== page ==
It won't let me post the video here, but here is the link to my Cyberped video: The MAAE
Wednesday, November 30, 2011
Tuesday, November 22, 2011
Seeing as I will be at there tomorrow morning I thought I'd share this! It's a pretty cool idea for Knoxville, and really shows the growing arts movement in East Tennessee. The airport is really tiny with only about 10 gates, so the idea of having an art gallery in this space is pretty interesting and awesome. I love that it totally breaks the generalization that the airport portrayed before with rocking chairs and a fountain with bear statues.
Art in the Airport
Art in the Airport
Wednesday, November 16, 2011
I'm working on a final project for Social Theory that deals with the subject of Museums and Religious objects, which has turned into something really exciting and relevant to my future goals in museum exhibition development. I am working on an exhibition that displays works that held/hold religious power in some way (which is a gigantic amount of art in the AIC) and displaying them in a way that speaks to their original intent and how one experiences images spiritually, religiously, or aesthetically. Basically taking the image out of the white wall context and placing it in something closer to how it was meant to be experienced. This is so that I can better understand how one 'experiences' art or images, and create something that would be potentially educational for visitors to experience what the works were originally meant to be or how they were experienced.
Kind of a loaded idea there, but as I compile more research I'm sure it will get narrowed down. I'm probably going to design something in photoshop for the final product as I can't move around images in the art institute. I would potentally like to take a few works from several religions, perhaps ones that aren't as popular in terms of the traditional museum visit, and rework them so that others can experience culture, religious history, and learn about images and how they pertain to religion/spirituality/experience. I was also thinking about taking a few non-traditional things to discuss the role of art and experience for example the Rothko chapels or talking about tattoos etc.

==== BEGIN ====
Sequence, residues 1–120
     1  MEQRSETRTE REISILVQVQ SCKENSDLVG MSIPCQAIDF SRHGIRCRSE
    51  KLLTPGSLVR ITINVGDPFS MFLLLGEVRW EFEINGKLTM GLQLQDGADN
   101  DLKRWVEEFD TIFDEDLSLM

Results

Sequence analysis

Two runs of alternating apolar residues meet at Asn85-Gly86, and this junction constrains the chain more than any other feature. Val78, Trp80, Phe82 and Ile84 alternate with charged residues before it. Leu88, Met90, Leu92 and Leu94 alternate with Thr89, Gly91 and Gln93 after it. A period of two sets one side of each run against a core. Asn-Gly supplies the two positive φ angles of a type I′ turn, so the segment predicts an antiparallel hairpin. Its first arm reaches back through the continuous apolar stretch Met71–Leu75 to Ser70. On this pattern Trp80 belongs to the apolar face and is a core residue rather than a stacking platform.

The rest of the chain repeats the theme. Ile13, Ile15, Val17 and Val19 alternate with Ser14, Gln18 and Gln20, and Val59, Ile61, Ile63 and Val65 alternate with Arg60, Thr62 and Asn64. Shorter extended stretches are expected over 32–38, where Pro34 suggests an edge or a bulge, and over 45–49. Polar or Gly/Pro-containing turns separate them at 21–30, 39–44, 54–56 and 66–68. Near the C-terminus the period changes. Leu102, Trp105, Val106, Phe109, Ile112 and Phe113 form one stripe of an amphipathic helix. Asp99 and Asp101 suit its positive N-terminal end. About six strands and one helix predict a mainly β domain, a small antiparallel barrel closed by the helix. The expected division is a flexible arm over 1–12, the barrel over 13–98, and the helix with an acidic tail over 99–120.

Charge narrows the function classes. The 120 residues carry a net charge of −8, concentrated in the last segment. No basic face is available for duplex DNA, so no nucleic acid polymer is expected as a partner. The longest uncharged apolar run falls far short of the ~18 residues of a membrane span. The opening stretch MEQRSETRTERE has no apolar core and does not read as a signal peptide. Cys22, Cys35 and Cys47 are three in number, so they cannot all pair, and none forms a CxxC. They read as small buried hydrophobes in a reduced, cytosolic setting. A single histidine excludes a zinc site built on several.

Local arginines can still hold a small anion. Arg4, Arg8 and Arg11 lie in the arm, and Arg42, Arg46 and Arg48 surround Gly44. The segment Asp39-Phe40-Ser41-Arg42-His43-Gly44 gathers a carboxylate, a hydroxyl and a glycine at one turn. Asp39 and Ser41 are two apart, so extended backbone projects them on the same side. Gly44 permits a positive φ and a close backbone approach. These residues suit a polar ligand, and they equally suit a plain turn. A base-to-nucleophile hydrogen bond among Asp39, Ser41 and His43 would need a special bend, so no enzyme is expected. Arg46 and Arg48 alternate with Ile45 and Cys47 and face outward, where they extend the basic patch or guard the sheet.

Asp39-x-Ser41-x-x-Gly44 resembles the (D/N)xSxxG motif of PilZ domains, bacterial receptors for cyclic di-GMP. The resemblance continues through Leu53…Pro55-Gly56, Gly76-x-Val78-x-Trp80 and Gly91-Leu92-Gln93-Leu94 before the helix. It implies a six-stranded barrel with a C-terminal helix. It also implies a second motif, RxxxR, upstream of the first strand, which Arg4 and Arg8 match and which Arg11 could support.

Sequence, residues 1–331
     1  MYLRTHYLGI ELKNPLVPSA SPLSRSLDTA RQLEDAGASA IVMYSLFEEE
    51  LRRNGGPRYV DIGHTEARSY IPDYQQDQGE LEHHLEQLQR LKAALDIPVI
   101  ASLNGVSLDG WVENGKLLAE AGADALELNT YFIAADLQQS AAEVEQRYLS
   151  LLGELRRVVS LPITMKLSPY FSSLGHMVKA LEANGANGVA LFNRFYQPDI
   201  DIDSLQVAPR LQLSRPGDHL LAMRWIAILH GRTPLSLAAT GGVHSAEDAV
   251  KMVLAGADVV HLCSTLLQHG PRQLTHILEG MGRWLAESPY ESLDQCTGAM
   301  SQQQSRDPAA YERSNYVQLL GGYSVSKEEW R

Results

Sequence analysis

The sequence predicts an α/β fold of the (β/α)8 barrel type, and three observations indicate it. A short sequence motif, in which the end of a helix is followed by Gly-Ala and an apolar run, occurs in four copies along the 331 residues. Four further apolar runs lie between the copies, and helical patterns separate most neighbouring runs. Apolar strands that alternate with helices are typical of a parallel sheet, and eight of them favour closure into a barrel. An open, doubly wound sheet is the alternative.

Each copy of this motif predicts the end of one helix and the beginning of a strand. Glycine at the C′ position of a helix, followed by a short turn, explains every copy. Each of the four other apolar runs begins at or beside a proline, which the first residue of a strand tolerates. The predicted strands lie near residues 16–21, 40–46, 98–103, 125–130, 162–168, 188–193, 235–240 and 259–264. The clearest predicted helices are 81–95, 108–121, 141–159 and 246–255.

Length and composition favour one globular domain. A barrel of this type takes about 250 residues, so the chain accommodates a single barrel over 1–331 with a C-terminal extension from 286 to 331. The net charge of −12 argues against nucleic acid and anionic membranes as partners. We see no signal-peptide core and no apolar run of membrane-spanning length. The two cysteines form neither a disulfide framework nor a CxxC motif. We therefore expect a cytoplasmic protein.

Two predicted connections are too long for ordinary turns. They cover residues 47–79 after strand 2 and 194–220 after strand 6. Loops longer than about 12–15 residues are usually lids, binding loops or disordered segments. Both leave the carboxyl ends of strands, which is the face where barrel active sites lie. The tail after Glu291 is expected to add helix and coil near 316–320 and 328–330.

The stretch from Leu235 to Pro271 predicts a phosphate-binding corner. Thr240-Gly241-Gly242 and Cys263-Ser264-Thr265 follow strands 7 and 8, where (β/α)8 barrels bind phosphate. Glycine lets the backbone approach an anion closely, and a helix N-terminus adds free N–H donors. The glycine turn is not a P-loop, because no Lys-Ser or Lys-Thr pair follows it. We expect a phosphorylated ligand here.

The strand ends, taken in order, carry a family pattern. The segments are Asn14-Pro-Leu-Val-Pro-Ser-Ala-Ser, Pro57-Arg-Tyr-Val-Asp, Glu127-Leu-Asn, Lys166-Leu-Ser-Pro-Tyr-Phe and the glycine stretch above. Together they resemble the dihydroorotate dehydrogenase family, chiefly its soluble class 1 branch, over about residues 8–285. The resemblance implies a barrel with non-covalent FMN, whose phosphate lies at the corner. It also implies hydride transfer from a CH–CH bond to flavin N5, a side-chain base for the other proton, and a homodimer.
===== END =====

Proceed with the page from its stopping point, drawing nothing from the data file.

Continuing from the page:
I know this probably all sounds a bit broad and undefined, but I'm still working through it a bit. I would love input though on art experiences whether from religious images or not. What allows you to have an experience with art? Is it more or less possible when placed in a museum? Do you think art museums de-spiritualize objects? etc. I'm compiling a bunch of personal perspectives now so that I can create something that would work for a variety of individuals.
Monday, November 14, 2011
Even though it is only November I am very excited for the upcoming holiday season, and have been trying to figure out the perfect gifts for everyone on my list. My older sister who is a corporate business woman has been trying her hand at art for the last year or two on the side for a fun hobby. I found this book, and I think it's pretty interesting! It teaches art history, art lessons, includes online lessons, etc. I'm pretty excited about it because I think it looks like she could have a lot of fun learning different techniques and lessons with it!
Wednesday, November 9, 2011
The final project in my Interpretations class is to design an interpretive device, tour, exhibition, etc. So I have decided to devise an interpretive tour that goes throughout the art institute dealing with Art and Alcohol, history, culture, etc. (obviously for adults only) It is super fascinating that the subject stretches throughout the art institute from ancient wine vessels to more contemporary works, so there is a lot to work with. I'm pretty excited about it, and some people in class have expressed interest in actually going on the tour. Even though the object of the final project was to design and layout the work for an imaginary interpretive tour, I may actually use some of the research from the mobile challenge in cyberped and create something for the final project. Should be fun and pretty educational!
Monday, November 7, 2011
This week in Social Theory we discussed Jonathan Lear's book Radical Hope: Ethics in the Face of Cultural Devastation. It was an extremely compelling theory on devastation and hope. Throughout my time spent reading this book I was reminded of an exhibition I saw at the Knoxville Museum of Art with my senior seminar art history class. These paintings were by David Bates, and they are dealing with Hurricane Katrina and the issues around the disaster. Through all of the devastation and disaster Bates has a way of showing hope for the future. He does this by inserting fleur-de-lis, facial expressions, symbols of christianity, symbols of new orleans, etc. I think this is such a remarkably hard thing to do when faced with devastation, but it is such an amazingly important step to take after devastation. Hope is hard, and in no way is it making light of situation. Super interesting stuff.